Today technology has brought us physically closer together. We watch the performance of the rites of the Hajj as they take place in Makkah on television and feel inspired to synchronize our celebration with the Makkans’. But this is historically untrue and logically or theologically questionable.

The Saudi authorities who make the key decisions and those who illogically follow them have to keep in mind that their actions are drifting the already fractured Muslim community further apart.

There is a way out of this mess we are in, and that is called shura or consultation in Islam. The Saudi authorities have to wake up and consult the voices of reason—international Muslim scholars and scientists—before repeating these mistakes and thus further creating disunity among Muslims. We, the Muslims in North America too have to wake up and see how our sincere but rash actions are fracturing us further as a community.


Sohail Osman said...


Nice review of the Reliance below and a great pic of the new moon here! BTW aren't you malaysian? you MUST check out a most excellent fiqh article by one of your own shafii scholars (Shaykh Muhammad Afifi in Oxford) on the haba'ib site about the moon-sighting controversy:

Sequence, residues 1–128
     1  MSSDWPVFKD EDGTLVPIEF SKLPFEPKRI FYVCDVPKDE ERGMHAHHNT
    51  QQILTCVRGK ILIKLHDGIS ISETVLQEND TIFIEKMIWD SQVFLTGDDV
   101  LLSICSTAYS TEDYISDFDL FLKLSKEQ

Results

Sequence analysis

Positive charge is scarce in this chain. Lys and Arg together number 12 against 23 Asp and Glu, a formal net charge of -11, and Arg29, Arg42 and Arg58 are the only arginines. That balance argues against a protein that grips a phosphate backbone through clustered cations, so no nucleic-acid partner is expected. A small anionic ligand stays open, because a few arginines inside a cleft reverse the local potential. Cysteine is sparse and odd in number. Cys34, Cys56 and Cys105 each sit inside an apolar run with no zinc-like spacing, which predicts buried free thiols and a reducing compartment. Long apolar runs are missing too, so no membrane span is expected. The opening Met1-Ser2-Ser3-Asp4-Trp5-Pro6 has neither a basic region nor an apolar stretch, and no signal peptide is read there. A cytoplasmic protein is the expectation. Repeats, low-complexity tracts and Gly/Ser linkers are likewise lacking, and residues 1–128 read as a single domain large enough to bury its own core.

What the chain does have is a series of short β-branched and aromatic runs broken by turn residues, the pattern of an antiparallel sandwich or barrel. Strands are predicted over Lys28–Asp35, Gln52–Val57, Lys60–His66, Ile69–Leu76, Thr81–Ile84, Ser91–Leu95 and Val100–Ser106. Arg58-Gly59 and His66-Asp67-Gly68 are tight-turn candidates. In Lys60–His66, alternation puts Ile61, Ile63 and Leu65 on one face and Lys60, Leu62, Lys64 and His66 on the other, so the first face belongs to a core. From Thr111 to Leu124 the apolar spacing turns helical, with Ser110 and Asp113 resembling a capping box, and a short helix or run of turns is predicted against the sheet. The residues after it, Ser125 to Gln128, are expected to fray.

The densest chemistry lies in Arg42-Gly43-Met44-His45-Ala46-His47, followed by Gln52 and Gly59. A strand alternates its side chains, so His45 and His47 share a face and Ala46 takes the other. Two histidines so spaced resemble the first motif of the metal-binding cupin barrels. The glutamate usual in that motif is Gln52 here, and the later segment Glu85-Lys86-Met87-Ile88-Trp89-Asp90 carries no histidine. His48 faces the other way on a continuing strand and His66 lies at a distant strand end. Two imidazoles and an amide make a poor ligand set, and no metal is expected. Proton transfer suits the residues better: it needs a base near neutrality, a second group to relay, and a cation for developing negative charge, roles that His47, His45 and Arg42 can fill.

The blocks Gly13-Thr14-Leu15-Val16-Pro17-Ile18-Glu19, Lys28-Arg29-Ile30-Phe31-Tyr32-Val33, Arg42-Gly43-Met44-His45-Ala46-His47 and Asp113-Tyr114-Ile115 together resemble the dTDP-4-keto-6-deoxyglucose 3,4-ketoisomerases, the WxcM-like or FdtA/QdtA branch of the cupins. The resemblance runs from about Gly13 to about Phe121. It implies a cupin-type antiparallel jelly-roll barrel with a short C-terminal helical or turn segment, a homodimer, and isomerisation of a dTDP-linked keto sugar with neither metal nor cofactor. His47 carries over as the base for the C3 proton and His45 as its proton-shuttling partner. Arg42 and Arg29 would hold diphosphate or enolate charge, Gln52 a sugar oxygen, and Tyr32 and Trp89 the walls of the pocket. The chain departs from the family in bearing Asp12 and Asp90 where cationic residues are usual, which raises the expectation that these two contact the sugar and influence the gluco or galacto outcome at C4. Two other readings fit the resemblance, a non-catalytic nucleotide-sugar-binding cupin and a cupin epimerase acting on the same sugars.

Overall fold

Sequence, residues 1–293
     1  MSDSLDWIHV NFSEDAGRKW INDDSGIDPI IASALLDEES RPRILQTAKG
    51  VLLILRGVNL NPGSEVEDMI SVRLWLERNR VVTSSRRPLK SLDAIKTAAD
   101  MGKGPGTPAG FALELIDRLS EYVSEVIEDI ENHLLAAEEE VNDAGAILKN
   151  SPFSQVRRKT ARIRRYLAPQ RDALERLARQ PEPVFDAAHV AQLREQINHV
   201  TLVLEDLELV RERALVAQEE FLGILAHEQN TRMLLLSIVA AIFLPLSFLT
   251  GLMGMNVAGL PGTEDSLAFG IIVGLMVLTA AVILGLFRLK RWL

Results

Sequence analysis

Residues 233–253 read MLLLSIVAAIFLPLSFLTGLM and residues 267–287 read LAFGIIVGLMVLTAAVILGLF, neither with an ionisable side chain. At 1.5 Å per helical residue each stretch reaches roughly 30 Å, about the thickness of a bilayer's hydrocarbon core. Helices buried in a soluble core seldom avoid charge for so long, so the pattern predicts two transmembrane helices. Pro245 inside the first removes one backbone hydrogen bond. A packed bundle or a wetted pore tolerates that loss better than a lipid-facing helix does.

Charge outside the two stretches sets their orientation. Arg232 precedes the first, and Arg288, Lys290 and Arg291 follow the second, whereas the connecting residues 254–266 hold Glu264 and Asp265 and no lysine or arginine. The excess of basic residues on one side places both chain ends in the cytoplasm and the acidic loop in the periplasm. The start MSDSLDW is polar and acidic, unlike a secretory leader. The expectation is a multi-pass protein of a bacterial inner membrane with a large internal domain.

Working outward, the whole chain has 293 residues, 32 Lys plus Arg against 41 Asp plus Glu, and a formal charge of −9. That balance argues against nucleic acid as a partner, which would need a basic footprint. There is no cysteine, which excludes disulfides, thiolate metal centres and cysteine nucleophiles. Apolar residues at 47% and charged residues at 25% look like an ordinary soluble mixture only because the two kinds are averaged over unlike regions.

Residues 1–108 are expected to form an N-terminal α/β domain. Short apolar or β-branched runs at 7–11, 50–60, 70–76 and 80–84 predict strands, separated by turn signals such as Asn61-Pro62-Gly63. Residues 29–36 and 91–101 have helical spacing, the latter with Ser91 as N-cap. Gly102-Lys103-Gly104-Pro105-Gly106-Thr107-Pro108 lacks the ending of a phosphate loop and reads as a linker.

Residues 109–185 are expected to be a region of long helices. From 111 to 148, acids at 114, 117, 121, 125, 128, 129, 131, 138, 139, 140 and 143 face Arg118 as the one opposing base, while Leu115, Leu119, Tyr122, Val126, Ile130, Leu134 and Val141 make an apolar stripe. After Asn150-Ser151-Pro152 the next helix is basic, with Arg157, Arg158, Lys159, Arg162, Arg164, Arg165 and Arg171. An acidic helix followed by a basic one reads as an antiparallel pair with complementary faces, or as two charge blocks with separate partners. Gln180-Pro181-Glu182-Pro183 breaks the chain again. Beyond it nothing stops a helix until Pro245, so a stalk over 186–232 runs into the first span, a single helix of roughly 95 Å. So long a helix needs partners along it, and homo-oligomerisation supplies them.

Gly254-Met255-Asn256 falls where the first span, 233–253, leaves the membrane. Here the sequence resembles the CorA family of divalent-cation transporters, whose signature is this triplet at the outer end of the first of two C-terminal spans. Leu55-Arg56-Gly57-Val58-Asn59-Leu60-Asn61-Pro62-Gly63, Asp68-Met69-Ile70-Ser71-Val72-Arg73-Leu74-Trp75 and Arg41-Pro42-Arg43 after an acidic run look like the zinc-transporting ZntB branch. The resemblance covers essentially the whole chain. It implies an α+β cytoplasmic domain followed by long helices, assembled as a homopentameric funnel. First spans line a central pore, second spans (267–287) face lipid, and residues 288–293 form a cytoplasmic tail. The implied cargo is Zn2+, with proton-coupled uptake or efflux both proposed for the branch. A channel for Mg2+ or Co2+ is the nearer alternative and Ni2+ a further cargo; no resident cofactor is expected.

I think i'm beginning to like all things malaysians!


Shafiq Ayman said...

Bro Sohail,
are you from Habaib forum?Yes, I'm Malaysian...........

Sohail Osman said...

salamun alaikum,

Thought you might be malaysian/indonesian from your camel pic! And yes i'm from the Haba'ib forum. You should put a link if you have space and come join us! we would luv malaysians there. like i said i feel a kind of affinity towards them really for various reasons. One from reading articles by your religious scholars (like sh. afifi at

Since the first time some of us in the UK read the learned articles by him, they, frankly, blew me away (the moonsighting and fatiha articles are truly exceptional). I cannot help but realize that there are scholars, then there are scholars. The former seem - within the realm of scholarship, which I know in itself is such an exalted maqam, ordinary - and the latter just seem to be so utterly priceless and exceptional. Such jewels. (Thanks to someone I could write this)

2nd the adab. Recently theres the beautiful & moving story on Terengnu? blog about the borda:

BTW i cant read malay and imsure yours msut be a glowing reviiew of the umdat but aprt from that i thought the pic of it was great!